While leaders from around the world discuss climate change at the United Nations, students across San Mateo County have been learning about the causes and impacts of climate change and developing their advocacy skills. Their passion and commitment to action bode well for our county and the world.
Many of this week’s activities designed to raise awareness of the impact of human activity on the environment were organized by students. For example, Mills High School students organized an all-school assembly and workshops addressing ways to integrate habits of sustainability into their everyday lives. Tierra Linda Middle School held a climate awareness event on campus, and Farallone View Elementary School students participated in an Environmental Celebration Day.
The students’ sense of urgency is palpable and reflects priorities shared by our schools, government and much of our community. None of us should be surprised our students are both well informed about climate change or comfortable speaking up and advocating for action. Every day on campuses across the county, our students are learning to become critical thinkers, effective communicators and innovative problem solvers. Applying these skills to real world problems is exactly what we want our students to do.
Environmental education has been taught in San Mateo County’s public schools for generations. In fact, for more than 50 years, students have participated in the County Office of Education’s Outdoor Education program where they learn about the natural world, explore forest and beach ecosystems, and work together as a community. Understanding the relationship between people and the environment is also integrated into the science, history-social science and health education standards approved by the state.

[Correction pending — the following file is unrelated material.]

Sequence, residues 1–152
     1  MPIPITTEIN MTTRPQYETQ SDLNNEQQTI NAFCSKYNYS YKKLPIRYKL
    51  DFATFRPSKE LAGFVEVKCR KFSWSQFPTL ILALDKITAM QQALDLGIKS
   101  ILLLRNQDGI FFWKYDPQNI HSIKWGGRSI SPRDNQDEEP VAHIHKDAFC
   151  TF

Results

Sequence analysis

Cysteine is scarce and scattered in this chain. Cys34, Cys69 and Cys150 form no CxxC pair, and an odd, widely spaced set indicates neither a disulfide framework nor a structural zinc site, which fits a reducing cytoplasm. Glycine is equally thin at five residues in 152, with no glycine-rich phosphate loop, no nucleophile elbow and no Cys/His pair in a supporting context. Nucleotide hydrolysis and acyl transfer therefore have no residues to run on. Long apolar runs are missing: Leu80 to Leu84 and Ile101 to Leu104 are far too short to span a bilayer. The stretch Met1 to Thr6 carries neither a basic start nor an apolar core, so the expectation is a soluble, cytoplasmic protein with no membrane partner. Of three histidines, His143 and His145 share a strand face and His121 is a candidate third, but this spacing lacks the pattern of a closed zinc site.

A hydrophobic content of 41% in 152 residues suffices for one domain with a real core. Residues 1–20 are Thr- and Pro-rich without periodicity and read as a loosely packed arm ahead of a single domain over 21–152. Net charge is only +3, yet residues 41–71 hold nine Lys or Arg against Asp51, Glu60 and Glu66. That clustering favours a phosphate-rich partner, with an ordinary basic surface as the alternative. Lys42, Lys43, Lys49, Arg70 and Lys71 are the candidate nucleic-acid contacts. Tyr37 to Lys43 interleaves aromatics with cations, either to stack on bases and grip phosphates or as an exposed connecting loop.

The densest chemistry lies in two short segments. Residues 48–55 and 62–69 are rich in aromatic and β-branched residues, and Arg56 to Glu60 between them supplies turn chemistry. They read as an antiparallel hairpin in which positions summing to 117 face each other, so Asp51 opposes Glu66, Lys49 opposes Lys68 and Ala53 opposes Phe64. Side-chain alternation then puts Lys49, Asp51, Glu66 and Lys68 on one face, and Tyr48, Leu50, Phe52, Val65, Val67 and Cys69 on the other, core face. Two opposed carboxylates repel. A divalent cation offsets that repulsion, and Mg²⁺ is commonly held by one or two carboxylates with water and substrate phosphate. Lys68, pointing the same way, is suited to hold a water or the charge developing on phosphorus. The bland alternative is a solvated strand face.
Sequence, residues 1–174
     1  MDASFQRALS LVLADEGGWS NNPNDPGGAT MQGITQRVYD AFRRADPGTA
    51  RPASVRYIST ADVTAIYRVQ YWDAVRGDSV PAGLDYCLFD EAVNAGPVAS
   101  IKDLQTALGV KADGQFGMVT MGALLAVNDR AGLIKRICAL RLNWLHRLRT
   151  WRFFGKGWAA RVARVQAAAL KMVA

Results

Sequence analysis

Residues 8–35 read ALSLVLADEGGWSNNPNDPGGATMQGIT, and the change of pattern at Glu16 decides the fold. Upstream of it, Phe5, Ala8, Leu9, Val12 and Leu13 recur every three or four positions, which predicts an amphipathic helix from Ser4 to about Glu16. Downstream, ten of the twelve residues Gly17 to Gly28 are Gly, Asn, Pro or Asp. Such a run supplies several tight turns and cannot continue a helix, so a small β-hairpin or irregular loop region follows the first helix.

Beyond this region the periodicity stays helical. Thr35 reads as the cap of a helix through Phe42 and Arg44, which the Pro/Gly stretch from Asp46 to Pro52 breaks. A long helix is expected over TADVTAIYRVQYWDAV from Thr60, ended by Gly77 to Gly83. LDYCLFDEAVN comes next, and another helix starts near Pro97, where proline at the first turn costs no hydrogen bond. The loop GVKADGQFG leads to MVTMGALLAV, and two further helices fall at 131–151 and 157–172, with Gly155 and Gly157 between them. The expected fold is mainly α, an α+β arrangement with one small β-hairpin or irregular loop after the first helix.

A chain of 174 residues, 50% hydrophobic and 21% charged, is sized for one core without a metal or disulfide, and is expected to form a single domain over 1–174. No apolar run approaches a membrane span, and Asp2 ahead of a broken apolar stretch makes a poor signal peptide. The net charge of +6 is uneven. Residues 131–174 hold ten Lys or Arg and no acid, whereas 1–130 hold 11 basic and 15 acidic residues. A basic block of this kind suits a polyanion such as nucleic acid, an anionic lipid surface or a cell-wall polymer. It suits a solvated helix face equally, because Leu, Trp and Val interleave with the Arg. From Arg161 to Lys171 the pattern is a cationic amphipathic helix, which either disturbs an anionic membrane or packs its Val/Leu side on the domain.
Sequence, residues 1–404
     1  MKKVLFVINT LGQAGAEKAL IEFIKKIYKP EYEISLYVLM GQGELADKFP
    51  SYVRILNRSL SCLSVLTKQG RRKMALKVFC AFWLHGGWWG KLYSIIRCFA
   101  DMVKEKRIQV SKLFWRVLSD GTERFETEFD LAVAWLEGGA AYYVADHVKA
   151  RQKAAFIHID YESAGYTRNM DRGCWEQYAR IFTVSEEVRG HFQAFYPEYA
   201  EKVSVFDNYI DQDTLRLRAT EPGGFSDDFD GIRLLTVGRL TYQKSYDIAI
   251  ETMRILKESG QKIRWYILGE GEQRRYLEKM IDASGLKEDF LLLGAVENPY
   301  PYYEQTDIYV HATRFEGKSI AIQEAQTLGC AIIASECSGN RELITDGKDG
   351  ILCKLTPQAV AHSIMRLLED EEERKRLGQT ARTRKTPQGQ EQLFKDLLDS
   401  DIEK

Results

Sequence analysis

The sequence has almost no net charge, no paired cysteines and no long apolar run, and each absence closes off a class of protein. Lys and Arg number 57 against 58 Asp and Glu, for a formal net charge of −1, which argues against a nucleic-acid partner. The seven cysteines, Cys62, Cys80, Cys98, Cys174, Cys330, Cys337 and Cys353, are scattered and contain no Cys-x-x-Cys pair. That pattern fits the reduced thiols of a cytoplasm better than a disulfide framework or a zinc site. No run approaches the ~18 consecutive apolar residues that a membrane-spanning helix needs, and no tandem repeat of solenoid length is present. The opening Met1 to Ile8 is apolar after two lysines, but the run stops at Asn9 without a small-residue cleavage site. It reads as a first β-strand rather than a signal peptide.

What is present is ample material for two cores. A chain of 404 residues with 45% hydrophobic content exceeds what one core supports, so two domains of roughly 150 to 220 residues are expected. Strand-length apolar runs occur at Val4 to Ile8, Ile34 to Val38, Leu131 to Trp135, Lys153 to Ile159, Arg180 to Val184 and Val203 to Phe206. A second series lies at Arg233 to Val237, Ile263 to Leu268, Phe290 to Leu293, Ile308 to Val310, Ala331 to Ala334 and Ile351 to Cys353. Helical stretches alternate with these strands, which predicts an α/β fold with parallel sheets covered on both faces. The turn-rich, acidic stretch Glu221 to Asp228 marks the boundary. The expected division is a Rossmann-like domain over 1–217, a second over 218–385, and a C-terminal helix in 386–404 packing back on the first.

Thanks in part to creative partnerships between curriculum coordinators at the County Office of Education and school leaders, students receive engaging and hands-on lessons that allow them to conduct their own analysis, draw conclusions and propose solutions to any number of environmental challenges. In San Carlos, students will soon have access to campus dashboards that make data on their school’s energy use, transportation methods and other metrics readily available for analysis, school projects and advocacy efforts.
Students and teachers are further bolstered by the County Office of Education’s Environmental Literacy Initiative, the first of its kind in California. The brainchild of former county superintendent Anne E. Campbell, the initiative seeks to embed environmental literacy across a school community, including academic learning through curriculum, student behaviors and habits through school culture, and facility management through green practices.
Thankfully, our students and educators are not alone in their efforts to raise awareness about the urgency of climate change and the need for action; the San Mateo County Board of Supervisors adopted a resolution last week declaring a climate emergency in San Mateo County “to highlight the increasingly urgent need for action to address the climate crisis.” This follows up on several steps the county has already taken to address climate change, including the launch of Peninsula Clean Energy, which provides clean, renewable energy to residents at low rates, and the creation of the Office of Sustainability, which is working to address the threat posed by rising sea levels and planning for housing that is resilient to the impacts of climate change.
As global leaders work together to develop solutions to what the United Nations also calls the “global climate emergency,” San Mateo County’s students, schools, governments and community members are acting locally to raise awareness and address the crisis.
Nancy Magee is the San Mateo County superintendent of schools.